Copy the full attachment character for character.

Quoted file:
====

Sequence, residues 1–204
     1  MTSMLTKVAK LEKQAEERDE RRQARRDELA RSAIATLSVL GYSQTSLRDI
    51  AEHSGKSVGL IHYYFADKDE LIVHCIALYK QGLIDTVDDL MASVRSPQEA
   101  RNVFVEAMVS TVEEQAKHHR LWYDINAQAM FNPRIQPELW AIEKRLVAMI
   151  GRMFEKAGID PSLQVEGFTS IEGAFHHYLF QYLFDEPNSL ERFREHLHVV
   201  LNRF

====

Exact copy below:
Sequence, residues 1–204
     1  MTSMLTKVAK LEKQAEERDE RRQARRDELA RSAIATLSVL GYSQTSLRDI
    51  AEHSGKSVGL IHYYFADKDE LIVHCIALYK QGLIDTVDDL MASVRSPQEA
   101  RNVFVEAMVS TVEEQAKHHR LWYDINAQAM FNPRIQPELW AIEKRLVAMI
   151  GRMFEKAGID PSLQVEGFTS IEGAFHHYLF QYLFDEPNSL ERFREHLHVV
   201  LNRF